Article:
in the field); and Marty Martin, the former commander of the CIA's worldwide operations against al-Qaeda. Joining this cast are such key figures as Jose Rodriguez, the former director of the CIA's Counter Terrorism Center; Stanley A. McChrystal, the retired commander of US and ISAF forces in Afghanistan; Ali
Soufan, FBI's lead investigator of the USS Cole bombing; and Peter Bergen, a journalist who produced the interview in which bin Laden declared war on the US. Set against muted black backdrops, these people reflect on their actions with a candor we're rarely accustomed to seeing.
"I realized early on that I would have to develop relationships with all of the main characters myself," Barker explains. "What I said was to them was, 'I want to make a film that
humanizes the CIA and the people involved with this fight against al-Qaeda from the early days. I believe that the only way that we as a public can assess what happened is by understanding the human choices that people made along the way.'"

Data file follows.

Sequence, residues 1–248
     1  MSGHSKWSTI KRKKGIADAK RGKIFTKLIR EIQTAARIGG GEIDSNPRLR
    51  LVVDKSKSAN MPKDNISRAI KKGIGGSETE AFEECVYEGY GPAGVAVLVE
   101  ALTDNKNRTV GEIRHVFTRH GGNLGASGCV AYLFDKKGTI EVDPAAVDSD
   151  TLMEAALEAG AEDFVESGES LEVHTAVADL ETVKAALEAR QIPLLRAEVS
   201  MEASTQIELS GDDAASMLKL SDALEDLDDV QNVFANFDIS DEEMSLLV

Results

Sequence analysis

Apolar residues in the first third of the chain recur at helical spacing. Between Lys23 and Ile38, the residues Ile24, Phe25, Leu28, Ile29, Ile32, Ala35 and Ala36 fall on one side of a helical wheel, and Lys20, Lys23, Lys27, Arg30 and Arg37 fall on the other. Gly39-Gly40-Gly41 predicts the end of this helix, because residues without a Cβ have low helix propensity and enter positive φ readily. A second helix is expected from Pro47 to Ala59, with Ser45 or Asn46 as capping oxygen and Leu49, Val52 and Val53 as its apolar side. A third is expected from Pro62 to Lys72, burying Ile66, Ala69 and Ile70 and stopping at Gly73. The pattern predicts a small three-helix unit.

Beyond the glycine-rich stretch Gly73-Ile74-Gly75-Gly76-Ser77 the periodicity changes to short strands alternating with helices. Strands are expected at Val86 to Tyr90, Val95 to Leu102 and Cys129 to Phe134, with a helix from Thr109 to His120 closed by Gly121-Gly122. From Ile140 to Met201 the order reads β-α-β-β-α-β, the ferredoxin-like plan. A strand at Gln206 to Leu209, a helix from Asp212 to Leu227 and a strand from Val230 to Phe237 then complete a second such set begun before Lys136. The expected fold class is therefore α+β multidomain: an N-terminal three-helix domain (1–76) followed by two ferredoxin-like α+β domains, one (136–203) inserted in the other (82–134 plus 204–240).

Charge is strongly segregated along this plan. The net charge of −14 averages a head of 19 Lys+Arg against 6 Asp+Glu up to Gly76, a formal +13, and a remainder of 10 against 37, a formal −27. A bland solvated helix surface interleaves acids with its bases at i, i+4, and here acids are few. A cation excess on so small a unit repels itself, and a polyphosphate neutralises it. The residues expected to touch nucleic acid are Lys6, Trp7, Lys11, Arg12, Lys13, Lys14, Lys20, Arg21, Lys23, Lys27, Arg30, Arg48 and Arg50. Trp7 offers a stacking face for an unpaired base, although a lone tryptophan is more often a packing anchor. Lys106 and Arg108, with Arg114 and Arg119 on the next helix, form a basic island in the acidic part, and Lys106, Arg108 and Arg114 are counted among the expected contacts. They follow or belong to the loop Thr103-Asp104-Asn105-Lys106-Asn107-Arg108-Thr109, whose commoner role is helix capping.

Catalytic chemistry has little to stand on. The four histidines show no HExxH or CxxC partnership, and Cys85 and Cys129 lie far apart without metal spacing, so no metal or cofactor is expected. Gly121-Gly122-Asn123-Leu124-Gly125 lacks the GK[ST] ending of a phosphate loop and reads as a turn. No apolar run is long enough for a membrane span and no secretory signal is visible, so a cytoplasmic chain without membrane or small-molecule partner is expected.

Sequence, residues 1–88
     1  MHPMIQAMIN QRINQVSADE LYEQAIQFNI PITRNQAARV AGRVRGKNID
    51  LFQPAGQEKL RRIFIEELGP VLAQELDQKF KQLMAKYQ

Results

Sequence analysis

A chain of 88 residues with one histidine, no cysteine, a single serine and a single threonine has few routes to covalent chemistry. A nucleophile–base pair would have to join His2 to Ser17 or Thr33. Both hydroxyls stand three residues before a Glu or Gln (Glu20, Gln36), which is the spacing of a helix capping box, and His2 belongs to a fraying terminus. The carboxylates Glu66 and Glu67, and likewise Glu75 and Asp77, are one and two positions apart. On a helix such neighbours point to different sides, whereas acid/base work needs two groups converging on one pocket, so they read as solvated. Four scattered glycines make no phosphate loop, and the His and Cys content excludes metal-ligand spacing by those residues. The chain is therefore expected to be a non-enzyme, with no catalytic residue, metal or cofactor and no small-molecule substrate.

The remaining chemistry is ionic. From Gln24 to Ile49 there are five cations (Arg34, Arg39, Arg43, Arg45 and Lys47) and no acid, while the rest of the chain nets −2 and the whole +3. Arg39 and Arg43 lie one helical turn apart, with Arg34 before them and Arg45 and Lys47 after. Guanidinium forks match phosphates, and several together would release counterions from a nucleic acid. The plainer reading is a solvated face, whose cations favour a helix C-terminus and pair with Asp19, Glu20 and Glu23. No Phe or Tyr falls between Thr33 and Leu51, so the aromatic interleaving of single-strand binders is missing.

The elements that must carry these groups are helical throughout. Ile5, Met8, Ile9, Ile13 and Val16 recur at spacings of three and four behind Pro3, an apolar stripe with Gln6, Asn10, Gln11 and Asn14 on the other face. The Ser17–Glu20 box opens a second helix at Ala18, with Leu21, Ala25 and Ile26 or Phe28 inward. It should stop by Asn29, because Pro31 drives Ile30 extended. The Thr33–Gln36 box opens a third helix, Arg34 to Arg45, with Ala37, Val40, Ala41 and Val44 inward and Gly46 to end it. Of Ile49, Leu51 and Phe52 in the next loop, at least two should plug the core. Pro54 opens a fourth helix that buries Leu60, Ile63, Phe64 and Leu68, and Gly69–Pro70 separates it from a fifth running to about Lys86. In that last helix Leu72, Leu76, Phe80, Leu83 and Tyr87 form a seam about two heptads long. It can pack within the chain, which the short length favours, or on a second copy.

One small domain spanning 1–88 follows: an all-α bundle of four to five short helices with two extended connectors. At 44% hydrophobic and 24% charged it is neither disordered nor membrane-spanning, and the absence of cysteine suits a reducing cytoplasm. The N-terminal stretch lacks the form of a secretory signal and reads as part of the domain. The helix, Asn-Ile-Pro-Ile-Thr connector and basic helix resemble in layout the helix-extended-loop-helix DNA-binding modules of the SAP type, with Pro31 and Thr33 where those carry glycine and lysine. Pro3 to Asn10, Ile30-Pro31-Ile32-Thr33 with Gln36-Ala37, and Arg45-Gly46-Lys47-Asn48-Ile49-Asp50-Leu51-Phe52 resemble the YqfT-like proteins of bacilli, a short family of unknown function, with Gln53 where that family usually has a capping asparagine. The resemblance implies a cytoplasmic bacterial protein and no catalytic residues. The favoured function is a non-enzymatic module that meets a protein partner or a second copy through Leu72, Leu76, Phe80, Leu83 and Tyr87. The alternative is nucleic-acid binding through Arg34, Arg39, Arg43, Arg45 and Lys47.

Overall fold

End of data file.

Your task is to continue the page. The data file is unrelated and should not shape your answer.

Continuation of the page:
Empathizing with CIA officials isn't something people readily do. If recent history has shown us anything, it is that the American public shares an uneasy relationship with agency operatives. We are critical of them, we mistrust them, and yet we wholly depend on them for our survival. While we rejoiced in bin Laden's death, we were left with the consequences of the actions fought in America's name.
Manhunt does not assume an antagonistic stance toward its subjects. Rather, the film conveys something of what it's like to be a CIA employee. Though it's an extraordinary life, it's one lived in the cloak of everydayness. We also learn that it was a lonely life in the early days of Alec Station. CIA analyst Cindy Storer, who wrote the agency's first warning to President Clinton about al-Qaeda, says as much when
discussing an early performance report that criticized her for "spending too much time on bin Laden.
"When you're the first one off the block, by definition you're going to be in the minority," Storer maintains in the film. "That's what we were."
What made Alec Station unique was its fusion of the CIA's two cultures: analytic and operational. Manhunt devotes special time to conveying the personality traits of each. While the analysts—all